When the Indigenous Shipowners group in Nigeria pushed for a workable cabotage administration over a decade ago, part of their expectations was the establishment of a shipping line, and subsequently, through their own efforts, an African Protection and Indemnity (P&I) Club to support operators and other stakeholders says renowned Nigerian Shipowner and Founder of the Nigerian Indigenous Shipowners Association(NISA), Chief Isaac Jolapamo.
A Protection and Indemnity or P&I club is a non-governmental, non-profitable mutual or cooperative association of marine insurance providers to its members, which consists of ship owners, operators, charterers and seafarers under the member companies.


Chief Jolapamo says “the only Shipowners Association then, was in the process of concluding the establishment of an African P&I Club but li

ke many other operators, he still awaits the establishment of the club even amidst strong doubts that that dream would come through someday soon.

He is confident that a P&I Club would have served the good of the sector, standing firm to help shipowners access block finances with the best portfolio management for such funds.
Speaking in an interview, Jolapamo expressed worry that even the Cabotage Vessel Financing Fund (CVFF) had taken so long to be disbursed.
His greatest concern is that the authorities in charge may end up not considering the requisite qualification of operators for the disbursement.
He said: “The basic qualification to access the fund should be a high standard technical and commercial management experience of the company that is applying. That is what they adopt in other climes.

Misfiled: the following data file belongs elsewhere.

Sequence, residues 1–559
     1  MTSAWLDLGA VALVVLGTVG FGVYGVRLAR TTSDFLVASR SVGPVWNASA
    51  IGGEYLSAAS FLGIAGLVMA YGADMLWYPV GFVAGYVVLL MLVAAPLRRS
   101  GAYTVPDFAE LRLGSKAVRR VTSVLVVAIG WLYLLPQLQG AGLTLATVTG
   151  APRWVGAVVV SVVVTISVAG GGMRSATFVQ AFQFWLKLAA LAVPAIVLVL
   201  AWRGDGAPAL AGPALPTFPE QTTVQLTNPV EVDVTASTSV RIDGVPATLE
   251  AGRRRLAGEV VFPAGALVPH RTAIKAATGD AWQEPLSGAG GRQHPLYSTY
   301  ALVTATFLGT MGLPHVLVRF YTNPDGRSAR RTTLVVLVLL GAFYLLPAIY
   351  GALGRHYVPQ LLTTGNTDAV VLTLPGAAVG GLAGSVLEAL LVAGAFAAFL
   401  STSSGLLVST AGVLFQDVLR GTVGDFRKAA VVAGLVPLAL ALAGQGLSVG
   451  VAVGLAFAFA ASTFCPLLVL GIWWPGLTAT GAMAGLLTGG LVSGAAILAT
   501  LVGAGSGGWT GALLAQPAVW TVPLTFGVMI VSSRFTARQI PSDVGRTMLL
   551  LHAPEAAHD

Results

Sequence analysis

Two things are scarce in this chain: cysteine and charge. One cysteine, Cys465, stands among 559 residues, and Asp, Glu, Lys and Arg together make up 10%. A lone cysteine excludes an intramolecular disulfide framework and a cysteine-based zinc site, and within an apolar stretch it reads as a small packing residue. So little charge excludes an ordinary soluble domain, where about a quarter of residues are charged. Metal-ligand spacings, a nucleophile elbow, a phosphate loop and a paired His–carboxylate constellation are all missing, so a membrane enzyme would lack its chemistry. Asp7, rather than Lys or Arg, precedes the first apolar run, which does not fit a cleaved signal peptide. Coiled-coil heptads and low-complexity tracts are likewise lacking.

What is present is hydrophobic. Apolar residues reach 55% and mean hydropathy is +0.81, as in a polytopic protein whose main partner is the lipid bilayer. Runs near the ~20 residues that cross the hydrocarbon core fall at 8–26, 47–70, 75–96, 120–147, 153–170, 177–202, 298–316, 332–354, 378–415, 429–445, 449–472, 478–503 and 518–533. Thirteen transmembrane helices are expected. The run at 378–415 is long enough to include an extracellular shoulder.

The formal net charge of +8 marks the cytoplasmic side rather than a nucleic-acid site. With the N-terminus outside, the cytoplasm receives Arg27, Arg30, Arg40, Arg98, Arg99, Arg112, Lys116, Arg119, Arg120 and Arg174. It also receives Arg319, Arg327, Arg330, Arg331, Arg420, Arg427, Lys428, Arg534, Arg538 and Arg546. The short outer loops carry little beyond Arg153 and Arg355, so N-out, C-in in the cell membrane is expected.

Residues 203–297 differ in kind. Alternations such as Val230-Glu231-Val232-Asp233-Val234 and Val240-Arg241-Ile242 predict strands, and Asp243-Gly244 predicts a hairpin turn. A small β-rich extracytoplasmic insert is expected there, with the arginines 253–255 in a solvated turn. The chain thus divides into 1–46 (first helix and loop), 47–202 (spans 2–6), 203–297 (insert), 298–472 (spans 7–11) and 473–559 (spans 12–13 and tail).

“But we have never used that as a criteria here. And unfortunately, we don’t even know what has happened to the money.
“When we started the indigenous ship owner association, which brought about the cabotage, the intention was the government would grow the industry in such a way that we will have a shipping line, and have a P&I club.
“We even thought that they ploughed the cabotage funds to acquiring ships for the operators and take part of that for ship maintenance, for people to keep running what they have. But there were too many interests. It was later we heard that some of the money was given to hair dressers.”
Speaking on setting an agenda for growing the maritime industry, Jolapamo wants the government to allow experienced operators guide policy formulations that would actually drive operations in the industry.
“The agenda should be to unlock the idle potentials in the industry. We need to reorder our programme and policies in the light of the present global realities.
“If they realise that the industry has the capacity to provide the desperately looked for jobs for younger generation and help to reduce poverty and improve the standard of living of the people, then it would be on track, “Jolapamo said.
He recalled that as a staff of the Nigerian National Petroleum Corporation (NNPC) over 40 years ago, his department ensured that Nigerian operators in the industry were offered opportunities for jobs, just so that they grew the shipping industry using indigenous businesses. 
He said: “I was a pioneer staff of the NNPC and then we made concerted effort to bring in Nigerians for the jobs. We had more than 70% of Nigerians providing NNPC vessels that time. But now, the reverse is the case. It is very difficult to break into the walls they have built.”
Jolapamo feels disappointed that such efforts to grow the indigenous shipping business do not get government attention again, as foreigners seem to have dominated the business of providing vessels for the NNPC.
“You can say there are Nigerian vessels in NNPC, but I as an individual and with my years of experience know where the vessels are coming from. I know that they belong to the Pakistanis, the Indians and some Greeks.
“It can only be corrected when you pick Nigerians who have the experience of the jobs. You just do service to your nation and not because you need to like their faces,” Jolapamo added.

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